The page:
Critical reviews of books, exhibitions, and projects in all areas and periods of art history and visual studies
March 18, 2005
Arthur K. Wheelock Gerard ter Borch Exh. cat. National Gallery of Art in association with American Federation of Arts, 2003. 172 pp.; 60 color ills.; 40 b/w ills. Cloth $55.00 (0300106394)
National Gallery of Art, Washington D.C., November 7, 2004–January 30, 2005; Detroit Institute of Arts, Detroit, Mich., February 27–May 22, 2005
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Gerard ter Borch II (Dutch, 1617–1681). Lady at Her Toilette, ca. 1660. Oil on canvas. The Detroit Institute of Arts, Founders Society Purchase, Eleanor Clay Ford Fund, General Membership Fund, Endowment Income Fund and Special Activities Fund. Photo: © 1995 The Detroit Institute of Arts.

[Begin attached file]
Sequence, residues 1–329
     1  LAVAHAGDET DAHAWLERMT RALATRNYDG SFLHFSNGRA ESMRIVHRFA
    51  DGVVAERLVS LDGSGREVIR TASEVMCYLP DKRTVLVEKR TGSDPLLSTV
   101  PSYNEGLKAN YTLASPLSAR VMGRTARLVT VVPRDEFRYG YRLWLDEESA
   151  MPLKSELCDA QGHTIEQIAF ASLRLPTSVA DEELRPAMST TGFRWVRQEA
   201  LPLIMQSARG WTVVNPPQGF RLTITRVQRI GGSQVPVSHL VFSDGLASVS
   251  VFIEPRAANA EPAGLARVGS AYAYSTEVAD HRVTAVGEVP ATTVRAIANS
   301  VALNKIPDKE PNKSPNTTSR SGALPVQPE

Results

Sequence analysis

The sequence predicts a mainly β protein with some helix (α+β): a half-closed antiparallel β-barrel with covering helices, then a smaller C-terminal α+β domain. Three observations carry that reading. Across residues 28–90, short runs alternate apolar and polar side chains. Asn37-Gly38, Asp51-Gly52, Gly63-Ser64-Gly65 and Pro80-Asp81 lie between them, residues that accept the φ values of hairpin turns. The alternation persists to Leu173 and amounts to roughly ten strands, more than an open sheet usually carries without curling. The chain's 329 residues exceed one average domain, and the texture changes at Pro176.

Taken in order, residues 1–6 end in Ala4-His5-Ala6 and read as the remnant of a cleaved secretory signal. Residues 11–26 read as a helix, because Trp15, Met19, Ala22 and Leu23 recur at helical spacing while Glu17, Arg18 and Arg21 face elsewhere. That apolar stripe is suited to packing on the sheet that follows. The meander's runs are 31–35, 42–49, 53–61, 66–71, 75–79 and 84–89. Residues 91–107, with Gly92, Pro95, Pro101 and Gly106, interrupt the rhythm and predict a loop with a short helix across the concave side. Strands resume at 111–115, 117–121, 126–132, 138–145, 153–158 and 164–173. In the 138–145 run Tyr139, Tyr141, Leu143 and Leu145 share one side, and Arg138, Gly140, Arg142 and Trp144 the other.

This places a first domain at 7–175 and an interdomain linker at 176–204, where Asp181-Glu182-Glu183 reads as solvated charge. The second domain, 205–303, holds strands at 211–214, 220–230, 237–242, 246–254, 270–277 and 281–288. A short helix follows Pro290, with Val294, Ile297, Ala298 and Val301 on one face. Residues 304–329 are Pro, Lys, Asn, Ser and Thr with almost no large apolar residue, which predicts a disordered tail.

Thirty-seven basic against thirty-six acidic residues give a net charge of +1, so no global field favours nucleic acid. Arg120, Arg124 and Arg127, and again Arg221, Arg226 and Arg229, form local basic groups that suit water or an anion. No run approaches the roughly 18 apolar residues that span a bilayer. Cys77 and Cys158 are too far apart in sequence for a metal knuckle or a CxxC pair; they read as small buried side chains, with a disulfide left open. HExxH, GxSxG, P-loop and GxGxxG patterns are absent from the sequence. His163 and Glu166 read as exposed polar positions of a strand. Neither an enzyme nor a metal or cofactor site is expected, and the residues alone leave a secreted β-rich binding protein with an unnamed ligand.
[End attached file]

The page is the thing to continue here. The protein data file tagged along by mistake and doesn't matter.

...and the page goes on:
Gerard ter Borch is the first exhibition dedicated to this important seventeenth-century Dutch genre painter and portraitist in thirty years, and its accompanying catalogue simultaneously serves as the only comprehensive study on the artist to appear in English to date. The catalogue is smaller than that of the exhibition that took place in The Hague and Münster in 1974, and smaller still than Sturla J. Gudlaugsson’s truly monumental study of Terborch that appeared in 1959–60. Nevertheless, the present exhibition and catalogue open up some new avenues of inquiry, which is only natural given scholarly trajectories in the field over the past four decades. The pictures were displayed sensibly, revealing a surprisingly protean artist in terms of subject matter, particularly during his early career. The arrangement also allowed viewers the opportunity to explore the question of potential pendants in Terborch’s work or, perhaps more significantly, to consider the problem of this celebrated master’s atelier. That Terborch oversaw a workshop certainly seems plausible, even if Gudlaugsson scarcely broached the topic in his otherwise exemplary monograph. We do know that Caspar Netscher was Terborch’s pupil, and his most talented one at that. But in the absence of any additional archival data, evidence of potential workshop participation in Terborch’s production presently lies solely in the paintings themselves. The nearly identical replication of costumes, figures, and occasionally entire pictures suggests a pressing demand for Terborch’s work among his clientele; thus, the question of whether the sometimes-repetitive nature of his imagery was the result of studio intervention certainly merits further exploration. The exhibition and catalogue are to be commended for raising these important issues.